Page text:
This is part of a series of blog posts amplifying community voices.
David Burchfield founded Burch Energy Services in 2020 to help Oregon builders transition more quickly to sustainability-focused HVAC systems. As a Black entrepreneur and employer, he is also working to increase diversity in green tech fields by helping other companies and contractors find BIPOC partners for projects. He’s energized by the possibilities for the future: eliminating the historic exclusion of certain groups and creating opportunities for jobs in clean energy that help families prosper, all while mitigating climate change.
Q: Did you have mentors or supporters in your life who contributed to your path and your success?
If it wasn’t for my wife, I wouldn’t be here. She believed when no one else did, and she makes our home such a happy place for me and our kids. Having that support is huge when you’re going to grad school and then building a business. And there’s my father-in-law, a white man who showed me that my love of math and physics could result in a career in renewable energy engineering. He was an important sounding board and support through my engineering program.
And starting in childhood, there was my father—a tenacious man who got his GED while serving in the Army, owned a house, retired, and then attended Portland State and got his bachelor’s degree. I don’t know how he did it, but it inspired grit and determination in me. I also have an uncle who founded and runs a tech company. Seeing him as a Black man in Chicago successfully managing a business helped me see what’s possible.
Q: When did you know you wanted to be an entrepreneur?
The first small company I worked for was NorthWrite, an energy information management company now owned by BuildingIQ. My boss, Dr. Patrick O’Neil let me do what I wanted to do as long as it met certain specifications. He’d tell me to figure things out, and that freedom to create solutions was enticing—the scariness, the unknown, and then actually accomplishing your goal. I knew from then on that I wanted to be an entrepreneur.
Q: What’s made you successful in your field?
A service attitude. I tell folks at Burch Energy to treat the janitor like the CEO and you’ll go much further. I respect the person more than the position. For example, it can be easy for engineers to bump heads with the designers and builders of homes and commercial spaces because we’re coming at projects from different perspectives. I want to get rid of that mindset. Instead of looking at differences, we can look at how we’re going to win if we work together. Contractors have a skillset I don’t have, and I respect it. I know how to make stuff work, but I don’t know how to make it look good.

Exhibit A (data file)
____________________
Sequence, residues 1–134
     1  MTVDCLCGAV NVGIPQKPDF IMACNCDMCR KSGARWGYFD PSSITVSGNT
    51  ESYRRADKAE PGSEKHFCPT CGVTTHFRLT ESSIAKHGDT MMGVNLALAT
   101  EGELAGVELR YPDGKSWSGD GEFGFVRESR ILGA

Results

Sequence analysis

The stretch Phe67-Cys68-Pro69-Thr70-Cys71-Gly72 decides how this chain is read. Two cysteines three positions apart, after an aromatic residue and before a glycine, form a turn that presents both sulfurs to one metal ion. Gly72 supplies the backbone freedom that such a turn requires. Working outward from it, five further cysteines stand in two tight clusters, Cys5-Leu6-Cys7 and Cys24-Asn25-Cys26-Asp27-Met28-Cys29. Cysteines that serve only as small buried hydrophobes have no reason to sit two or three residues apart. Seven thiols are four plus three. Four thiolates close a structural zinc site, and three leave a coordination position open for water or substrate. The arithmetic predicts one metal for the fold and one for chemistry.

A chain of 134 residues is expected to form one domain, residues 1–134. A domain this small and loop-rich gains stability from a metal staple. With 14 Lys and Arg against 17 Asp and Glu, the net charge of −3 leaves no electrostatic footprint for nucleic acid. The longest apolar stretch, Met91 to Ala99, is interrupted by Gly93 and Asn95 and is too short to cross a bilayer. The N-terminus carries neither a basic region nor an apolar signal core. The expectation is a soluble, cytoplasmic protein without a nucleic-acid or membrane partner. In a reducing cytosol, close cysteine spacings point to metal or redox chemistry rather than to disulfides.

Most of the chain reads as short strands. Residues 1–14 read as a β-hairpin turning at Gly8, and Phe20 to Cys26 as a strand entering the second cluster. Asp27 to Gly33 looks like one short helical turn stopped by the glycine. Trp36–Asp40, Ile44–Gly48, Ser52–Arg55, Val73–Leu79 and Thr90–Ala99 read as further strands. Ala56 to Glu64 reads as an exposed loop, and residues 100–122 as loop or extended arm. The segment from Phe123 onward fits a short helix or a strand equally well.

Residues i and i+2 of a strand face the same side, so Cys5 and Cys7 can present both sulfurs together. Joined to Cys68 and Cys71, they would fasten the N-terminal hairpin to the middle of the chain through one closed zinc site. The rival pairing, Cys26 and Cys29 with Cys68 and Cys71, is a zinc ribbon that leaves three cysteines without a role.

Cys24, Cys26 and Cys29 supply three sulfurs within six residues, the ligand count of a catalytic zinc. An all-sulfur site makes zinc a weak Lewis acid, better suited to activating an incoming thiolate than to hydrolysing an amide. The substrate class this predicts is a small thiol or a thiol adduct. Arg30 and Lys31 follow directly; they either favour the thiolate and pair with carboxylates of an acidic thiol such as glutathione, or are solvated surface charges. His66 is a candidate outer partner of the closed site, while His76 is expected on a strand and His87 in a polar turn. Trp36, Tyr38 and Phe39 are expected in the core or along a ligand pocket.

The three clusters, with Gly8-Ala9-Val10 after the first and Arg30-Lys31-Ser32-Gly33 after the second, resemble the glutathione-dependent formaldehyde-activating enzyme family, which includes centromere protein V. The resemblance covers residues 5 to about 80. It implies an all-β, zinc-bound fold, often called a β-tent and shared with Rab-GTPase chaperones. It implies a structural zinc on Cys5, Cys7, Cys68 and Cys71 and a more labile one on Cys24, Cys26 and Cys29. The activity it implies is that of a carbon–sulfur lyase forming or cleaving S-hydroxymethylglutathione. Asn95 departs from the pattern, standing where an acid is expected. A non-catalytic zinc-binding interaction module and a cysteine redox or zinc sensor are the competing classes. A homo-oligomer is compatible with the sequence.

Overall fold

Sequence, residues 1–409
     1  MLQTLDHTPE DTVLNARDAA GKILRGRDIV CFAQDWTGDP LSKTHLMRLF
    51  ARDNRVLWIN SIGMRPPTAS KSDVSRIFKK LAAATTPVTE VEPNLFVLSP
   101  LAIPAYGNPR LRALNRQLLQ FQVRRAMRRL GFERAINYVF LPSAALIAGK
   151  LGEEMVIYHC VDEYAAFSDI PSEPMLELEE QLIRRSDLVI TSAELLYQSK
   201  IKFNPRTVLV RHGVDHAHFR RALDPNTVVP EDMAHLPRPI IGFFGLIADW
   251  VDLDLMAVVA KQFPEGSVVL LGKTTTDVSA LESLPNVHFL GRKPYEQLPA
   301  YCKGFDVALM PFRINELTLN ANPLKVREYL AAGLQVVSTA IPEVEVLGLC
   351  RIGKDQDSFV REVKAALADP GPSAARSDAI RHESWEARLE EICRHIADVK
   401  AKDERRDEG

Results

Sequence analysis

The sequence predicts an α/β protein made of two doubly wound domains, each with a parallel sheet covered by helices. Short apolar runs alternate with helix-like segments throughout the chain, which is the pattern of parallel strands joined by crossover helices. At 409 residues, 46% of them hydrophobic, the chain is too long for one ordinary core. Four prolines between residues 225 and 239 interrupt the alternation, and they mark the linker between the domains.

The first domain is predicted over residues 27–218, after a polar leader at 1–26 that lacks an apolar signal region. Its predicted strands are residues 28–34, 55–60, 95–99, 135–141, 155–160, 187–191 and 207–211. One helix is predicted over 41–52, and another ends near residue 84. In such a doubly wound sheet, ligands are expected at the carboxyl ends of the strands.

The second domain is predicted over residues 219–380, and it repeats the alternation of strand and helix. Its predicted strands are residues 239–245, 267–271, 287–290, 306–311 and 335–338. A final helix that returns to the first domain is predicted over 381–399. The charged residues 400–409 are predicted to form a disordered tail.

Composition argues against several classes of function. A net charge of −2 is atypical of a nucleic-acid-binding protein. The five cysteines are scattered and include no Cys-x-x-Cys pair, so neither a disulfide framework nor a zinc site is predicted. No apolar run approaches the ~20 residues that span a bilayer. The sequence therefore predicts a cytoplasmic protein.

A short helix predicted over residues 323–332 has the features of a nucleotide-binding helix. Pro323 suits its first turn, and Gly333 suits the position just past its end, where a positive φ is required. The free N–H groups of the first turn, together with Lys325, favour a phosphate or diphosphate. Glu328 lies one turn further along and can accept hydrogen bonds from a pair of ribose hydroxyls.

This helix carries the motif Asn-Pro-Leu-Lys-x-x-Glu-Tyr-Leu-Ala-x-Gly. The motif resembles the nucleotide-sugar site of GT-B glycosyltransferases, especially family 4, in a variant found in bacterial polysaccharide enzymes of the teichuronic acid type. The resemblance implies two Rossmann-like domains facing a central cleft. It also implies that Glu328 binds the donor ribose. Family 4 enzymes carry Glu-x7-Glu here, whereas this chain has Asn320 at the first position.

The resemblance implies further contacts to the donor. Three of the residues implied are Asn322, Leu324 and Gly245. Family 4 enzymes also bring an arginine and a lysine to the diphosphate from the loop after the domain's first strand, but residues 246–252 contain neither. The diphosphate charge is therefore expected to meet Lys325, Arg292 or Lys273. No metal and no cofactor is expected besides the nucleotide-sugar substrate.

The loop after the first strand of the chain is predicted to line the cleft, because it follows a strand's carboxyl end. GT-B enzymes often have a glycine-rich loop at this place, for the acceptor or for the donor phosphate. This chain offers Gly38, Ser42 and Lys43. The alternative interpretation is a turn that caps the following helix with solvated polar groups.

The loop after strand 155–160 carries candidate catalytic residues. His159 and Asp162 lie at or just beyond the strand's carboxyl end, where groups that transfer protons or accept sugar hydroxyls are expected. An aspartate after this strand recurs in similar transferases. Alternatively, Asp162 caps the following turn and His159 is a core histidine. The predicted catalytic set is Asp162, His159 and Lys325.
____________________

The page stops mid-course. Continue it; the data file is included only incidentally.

Q: What do the words “climate” and “energy” mean to you, the community you serve, and the industry you’re in?
To me, these words represent an opportunity to make our world a better place, in all aspects: Through equity in an industry where minorities have historically been excluded. And in providing for our families with jobs in the clean energy revolution. It’s a win for the environment and a win for underutilized and underrepresented communities. It will help our communities mitigate the effects of climate change more quickly and efficiently.
Q: What are the biggest challenges you’ve faced in advancing sustainability efforts in your work?
What we need to do as individuals is get out of our own way. At the end of the day, that’s my biggest challenge. If I let fear drive my decisions, I’m going nowhere. I have to trust the process and remove the scarcity mindset. What I’ve noticed is that most of my problems start with me. When I address me, things start to work.
We have an all-hands-on-deck approach at Burch Energy, with our employees, and with our clients. I tell my Black brothers and sisters, the time is now—there are contracts and opportunities in the green economy, and there are no excuses for waiting for them to come to you. It’s part of my life’s work to make sure my community becomes part of the process and the system, and that their voices are heard in improving our infrastructure and built spaces.
Q: Would you say you’re disrupting old ways of thinking and doing business?
That’s exactly right. We are disrupting systematic racist processes in business and trying to help businesses be more equitable. If one of our partners says they can’t find minority contractors, I help find them. They often just don’t know how to look. Black folks often go to church and community centers to get information they trust. I show them how to network in communities beyond their own.
Q: What do you wish everyone knew about your work?
That we’re not just another engineering contractor. We want to create relationships and walk the path to sustainability with our clients. And that goes for the industry as a whole, too. We need to stay in contact with each other to evolve, to make sure new technologies integrate with existing technologies. Facilities management is an important part of sustainable energy solutions, and you need a true relationship to go on a journey together to make it work.
What is your advice to people of color entering green energy professions?
I’m not religious, but I am faith-oriented. And you’ve got to have faith while letting yourself be uncomfortable. Being out of your comfort zone can actually mean you’re in the right place, not the wrong place. Sit with the discomfort. Embrace it as a challenge. Career paths always present challenges. The people who can walk through their discomfort are the entrepreneurs and leaders. If you want to be an entrepreneur or leader, then discomfort is part of your future. You’ve got to want to jump into it.